For nearly all of the time humans have been on the planet, regular conversations across the species border were an everyday natural part of life.
Sadly, this seems like a strange invitation in our world today; most people have difficulty initiating such a conversation. Perhaps this is because we’ve been taught from a very young age to perceive nature as separate, a life-less object, a commodity. This mistaken perception seems to be at the foundation of our cultural ills.
In The Lost World of the Kalahari, Laurens van der Post writes about living among the Bushmen of the Kalahari Desert and describes how shocked they were that he couldn’t hear the stars. At first they thought he must be joking or lying. When they realized he really couldn’t hear the stars, they concluded he must be very ill and expressed great sorrow. For the Bushmen knew anyone who can’t hear nature must have the gravest and deadliest sickness of all.
Humanity’s ability to perceive the sentience of Earth is critical to our survival and to all life on earth.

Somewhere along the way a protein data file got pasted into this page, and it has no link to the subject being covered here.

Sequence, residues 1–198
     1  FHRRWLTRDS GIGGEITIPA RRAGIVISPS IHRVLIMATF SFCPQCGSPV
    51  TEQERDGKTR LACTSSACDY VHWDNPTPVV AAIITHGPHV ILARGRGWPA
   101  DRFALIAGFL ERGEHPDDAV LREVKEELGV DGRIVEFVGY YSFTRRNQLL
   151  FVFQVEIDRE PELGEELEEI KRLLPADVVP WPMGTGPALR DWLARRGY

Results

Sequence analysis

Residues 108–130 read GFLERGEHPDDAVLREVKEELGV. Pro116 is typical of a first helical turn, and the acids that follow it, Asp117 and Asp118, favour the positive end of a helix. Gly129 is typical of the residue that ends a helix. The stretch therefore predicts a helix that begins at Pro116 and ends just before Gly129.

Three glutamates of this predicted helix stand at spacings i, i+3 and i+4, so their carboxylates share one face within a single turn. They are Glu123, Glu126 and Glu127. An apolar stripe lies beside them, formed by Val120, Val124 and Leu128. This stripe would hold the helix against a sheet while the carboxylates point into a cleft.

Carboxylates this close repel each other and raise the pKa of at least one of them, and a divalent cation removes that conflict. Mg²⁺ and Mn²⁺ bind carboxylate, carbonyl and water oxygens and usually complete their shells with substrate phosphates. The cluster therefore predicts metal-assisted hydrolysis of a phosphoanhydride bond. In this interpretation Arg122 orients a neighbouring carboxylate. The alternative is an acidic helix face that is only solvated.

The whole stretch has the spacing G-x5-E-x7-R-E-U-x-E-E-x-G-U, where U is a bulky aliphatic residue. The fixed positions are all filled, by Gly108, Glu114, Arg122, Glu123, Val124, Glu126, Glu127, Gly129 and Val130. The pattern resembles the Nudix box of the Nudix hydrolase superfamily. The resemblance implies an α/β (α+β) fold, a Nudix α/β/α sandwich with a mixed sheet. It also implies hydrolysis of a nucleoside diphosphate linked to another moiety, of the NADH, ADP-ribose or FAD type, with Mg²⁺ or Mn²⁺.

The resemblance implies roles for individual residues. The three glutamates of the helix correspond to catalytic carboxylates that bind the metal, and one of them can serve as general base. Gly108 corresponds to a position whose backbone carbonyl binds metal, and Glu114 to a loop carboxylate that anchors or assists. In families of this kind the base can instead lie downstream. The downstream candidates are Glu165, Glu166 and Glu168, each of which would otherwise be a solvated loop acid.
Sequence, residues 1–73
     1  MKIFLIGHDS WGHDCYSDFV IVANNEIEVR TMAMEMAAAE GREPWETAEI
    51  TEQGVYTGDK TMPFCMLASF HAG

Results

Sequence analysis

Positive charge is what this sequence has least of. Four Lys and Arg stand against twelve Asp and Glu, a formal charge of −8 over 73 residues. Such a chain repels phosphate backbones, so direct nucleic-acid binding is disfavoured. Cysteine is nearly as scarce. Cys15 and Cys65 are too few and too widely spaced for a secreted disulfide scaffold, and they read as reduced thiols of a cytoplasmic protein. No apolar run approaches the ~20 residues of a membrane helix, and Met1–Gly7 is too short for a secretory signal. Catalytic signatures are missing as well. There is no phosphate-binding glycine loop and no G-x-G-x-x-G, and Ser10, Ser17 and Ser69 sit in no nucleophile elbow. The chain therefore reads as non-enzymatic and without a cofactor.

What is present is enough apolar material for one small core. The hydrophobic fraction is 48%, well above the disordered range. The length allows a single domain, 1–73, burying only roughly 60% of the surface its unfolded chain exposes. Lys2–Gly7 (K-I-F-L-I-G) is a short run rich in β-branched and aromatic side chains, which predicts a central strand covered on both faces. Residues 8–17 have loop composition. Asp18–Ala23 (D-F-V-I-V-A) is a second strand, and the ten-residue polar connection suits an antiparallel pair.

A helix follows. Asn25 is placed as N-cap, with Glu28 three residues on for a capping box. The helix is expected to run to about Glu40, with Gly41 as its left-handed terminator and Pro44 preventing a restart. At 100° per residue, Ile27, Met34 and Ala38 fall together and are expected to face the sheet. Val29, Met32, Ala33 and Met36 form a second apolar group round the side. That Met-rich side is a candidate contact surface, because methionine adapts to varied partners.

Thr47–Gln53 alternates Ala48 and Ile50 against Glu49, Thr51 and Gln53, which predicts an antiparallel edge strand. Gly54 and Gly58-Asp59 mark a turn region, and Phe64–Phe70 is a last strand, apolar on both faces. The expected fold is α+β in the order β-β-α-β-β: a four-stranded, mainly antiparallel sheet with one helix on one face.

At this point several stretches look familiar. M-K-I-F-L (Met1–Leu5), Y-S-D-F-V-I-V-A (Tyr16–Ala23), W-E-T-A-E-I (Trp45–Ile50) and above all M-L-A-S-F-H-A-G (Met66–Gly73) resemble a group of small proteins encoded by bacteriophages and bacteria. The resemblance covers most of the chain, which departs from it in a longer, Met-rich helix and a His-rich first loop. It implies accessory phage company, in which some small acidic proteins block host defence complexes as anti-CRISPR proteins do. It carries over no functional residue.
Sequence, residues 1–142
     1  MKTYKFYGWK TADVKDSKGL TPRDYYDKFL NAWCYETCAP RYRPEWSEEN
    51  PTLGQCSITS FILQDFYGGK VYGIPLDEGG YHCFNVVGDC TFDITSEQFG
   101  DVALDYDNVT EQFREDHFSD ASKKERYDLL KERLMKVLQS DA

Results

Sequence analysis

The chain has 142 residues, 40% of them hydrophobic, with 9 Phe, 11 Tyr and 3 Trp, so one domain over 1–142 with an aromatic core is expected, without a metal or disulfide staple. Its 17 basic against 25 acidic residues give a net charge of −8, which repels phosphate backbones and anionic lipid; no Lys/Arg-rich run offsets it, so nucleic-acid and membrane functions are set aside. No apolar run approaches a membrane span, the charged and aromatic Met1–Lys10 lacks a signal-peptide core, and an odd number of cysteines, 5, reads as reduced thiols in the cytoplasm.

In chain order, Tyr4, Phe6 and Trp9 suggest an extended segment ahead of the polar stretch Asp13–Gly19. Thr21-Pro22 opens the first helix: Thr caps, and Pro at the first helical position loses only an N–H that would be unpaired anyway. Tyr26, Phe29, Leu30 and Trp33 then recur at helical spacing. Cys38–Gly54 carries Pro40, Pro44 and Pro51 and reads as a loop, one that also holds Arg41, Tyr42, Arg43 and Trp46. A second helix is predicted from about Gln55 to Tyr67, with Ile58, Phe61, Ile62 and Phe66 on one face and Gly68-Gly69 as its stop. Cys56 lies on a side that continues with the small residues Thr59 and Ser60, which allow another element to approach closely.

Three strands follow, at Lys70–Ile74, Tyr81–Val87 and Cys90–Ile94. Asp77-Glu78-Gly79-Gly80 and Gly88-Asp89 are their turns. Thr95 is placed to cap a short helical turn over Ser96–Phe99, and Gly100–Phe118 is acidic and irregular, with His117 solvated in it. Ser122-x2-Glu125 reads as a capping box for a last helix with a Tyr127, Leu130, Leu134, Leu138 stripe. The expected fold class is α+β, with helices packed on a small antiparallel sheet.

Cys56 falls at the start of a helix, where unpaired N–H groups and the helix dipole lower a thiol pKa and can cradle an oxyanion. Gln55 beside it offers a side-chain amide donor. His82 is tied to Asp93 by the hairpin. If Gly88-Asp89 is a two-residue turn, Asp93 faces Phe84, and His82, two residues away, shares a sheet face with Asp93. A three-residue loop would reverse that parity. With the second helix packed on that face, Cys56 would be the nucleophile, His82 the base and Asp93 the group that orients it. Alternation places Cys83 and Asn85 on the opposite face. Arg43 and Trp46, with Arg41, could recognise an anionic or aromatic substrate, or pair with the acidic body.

Longing to be in conversation with nature can catalyze us. And perhaps the natural world longs for this relationship with us too.
Longing is not acquiring, as the vulnerability of failure feels all too possible. Instead, longing incites us into feeling the love-ache of what we really value, and it matures us into becoming and creating that which matters most, like an embodied prayer that lays our life on the altar to serve what we love.
~ Rebecca Wildbear, the Animas Valley Institute: https://animas.org/books/bill-plotkins-soulcraft-musings/newsletter-archive/
[Art: Ruth Evans Art]